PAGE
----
All facilities under the Program have been extended to December 31, 2020.
For more information on this topic or to learn how Baker Tilly specialists can help, contact our team.
(1)See Federal Reserve term sheet at
(2)See Federal Reserve term sheet at
(3)The eligible lender will be assessed a 100 basis point transaction fee, and can choose to pass down to the EB.
(4)Expenses equal total expenses minus depreciation, depletion and amortization.
(5)"Donations” include proceeds from fundraising events, federated campaigns, gifts, donor-advised funds, and funds from similar sources, but exclude (i) government grants, (ii) revenues from a supporting organization, (iii) grants from private foundations that are disbursed over the course of more than one calendar year, and (iv) any contributions of property other than money, stocks, bonds, and other securities (noncash contributions), provided that such noncash contribution is not sold by the organization in a transaction unrelated to the organization’s tax-exempt purpose.
(6)The methodology used by the eligible lender to calculate adjusted 2019 EBIDA must be the methodology it has previously used for adjusting EBIDA when extending credit to the eligible borrower or similarly situated borrowers on or before June 15, 2020. The eligible lender should calculate operating revenue as unrestricted operating revenue, excluding funds committed to be spent on capital, and including a proxy for endowment income in place of unrestricted investment gains or losses. The methodology used by the eligible lender to calculate the proxy for endowment income must be the methodology it has used for the eligible borrower or similarly situated borrowers on or before June 15, 2020.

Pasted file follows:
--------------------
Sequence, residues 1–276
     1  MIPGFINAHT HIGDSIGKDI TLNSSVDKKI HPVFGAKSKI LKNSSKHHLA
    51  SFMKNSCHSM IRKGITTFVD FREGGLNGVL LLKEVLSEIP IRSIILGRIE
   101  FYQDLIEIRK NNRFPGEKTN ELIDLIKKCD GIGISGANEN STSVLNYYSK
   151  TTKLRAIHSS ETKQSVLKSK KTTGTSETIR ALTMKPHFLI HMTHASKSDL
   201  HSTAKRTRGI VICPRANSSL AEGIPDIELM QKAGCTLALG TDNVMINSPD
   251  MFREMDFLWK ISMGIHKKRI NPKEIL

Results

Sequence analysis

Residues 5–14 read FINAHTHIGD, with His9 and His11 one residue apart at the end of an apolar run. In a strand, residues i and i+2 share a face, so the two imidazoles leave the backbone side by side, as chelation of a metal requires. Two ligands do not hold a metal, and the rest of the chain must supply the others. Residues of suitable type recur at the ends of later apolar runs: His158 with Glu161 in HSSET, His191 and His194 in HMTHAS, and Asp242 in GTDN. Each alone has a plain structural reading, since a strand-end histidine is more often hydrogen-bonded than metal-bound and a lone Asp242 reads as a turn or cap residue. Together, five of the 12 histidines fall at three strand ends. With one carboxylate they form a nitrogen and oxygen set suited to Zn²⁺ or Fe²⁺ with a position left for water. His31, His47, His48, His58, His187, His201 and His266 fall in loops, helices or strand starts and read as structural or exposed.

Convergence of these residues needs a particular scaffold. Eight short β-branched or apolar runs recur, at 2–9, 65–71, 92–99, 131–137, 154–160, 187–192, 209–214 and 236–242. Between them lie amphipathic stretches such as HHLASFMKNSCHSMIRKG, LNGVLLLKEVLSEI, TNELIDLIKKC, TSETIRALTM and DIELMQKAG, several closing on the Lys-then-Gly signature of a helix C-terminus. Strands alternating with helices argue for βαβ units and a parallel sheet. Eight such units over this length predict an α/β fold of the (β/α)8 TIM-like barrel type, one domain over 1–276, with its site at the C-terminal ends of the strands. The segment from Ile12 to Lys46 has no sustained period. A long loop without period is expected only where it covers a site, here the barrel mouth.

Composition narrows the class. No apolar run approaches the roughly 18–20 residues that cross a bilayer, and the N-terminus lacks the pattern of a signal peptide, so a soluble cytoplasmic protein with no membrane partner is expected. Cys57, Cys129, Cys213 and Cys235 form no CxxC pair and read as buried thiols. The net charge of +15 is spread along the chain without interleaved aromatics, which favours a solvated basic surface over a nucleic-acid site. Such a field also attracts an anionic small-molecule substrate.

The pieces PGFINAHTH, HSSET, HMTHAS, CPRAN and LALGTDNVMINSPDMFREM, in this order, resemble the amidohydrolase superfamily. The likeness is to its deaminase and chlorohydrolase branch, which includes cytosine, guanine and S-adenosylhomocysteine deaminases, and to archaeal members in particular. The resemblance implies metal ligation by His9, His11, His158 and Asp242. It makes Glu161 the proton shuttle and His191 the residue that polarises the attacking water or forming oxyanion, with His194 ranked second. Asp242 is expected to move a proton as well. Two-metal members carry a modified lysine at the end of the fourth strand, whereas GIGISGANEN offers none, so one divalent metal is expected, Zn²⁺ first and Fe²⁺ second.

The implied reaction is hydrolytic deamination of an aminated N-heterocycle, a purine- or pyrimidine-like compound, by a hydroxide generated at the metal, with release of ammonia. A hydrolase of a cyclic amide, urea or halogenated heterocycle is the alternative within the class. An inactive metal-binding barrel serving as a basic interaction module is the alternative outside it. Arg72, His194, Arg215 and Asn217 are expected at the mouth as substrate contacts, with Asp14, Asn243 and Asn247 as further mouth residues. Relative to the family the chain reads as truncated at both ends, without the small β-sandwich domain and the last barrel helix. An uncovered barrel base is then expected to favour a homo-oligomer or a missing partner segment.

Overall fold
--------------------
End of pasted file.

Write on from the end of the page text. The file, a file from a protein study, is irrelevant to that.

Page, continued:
(7)For purposes of this requirement, “liquid assets” is defined as unrestricted cash and investments that can be accessed and monetized within 30 days. An organization may include in “liquid assets” the amount of cash receipts it reasonably estimates to receive within 60 days related to the provision of services, facilities, or products, or any other program service that exceed its reasonably estimated cash outflows payable within the same 60-day period.
(8)The Primary Market Corporate Credit Facility was also established as a result of the CARES Act and will support credit to employers through new bond and loan issuance.
(9)The Municipal Liquidity Facility was established to help state and local governments through the purchase of short-term notes directly from U.S. states and certain U.S. counties and U.S. cities.
(10)Other emergency relief support under Subtitle A included loans, loan guarantees and other investments made for passenger air carriers, cargo air carriers and businesses critical to maintaining national security.
(11)The exception is an employee whose compensation is determined through an existing collective bargaining agreement entered into prior to March 1, 2020.
(12)Compensation is defined in Sec. 4004(b) as “salary, bonuses, awards of stock and other financial benefits.”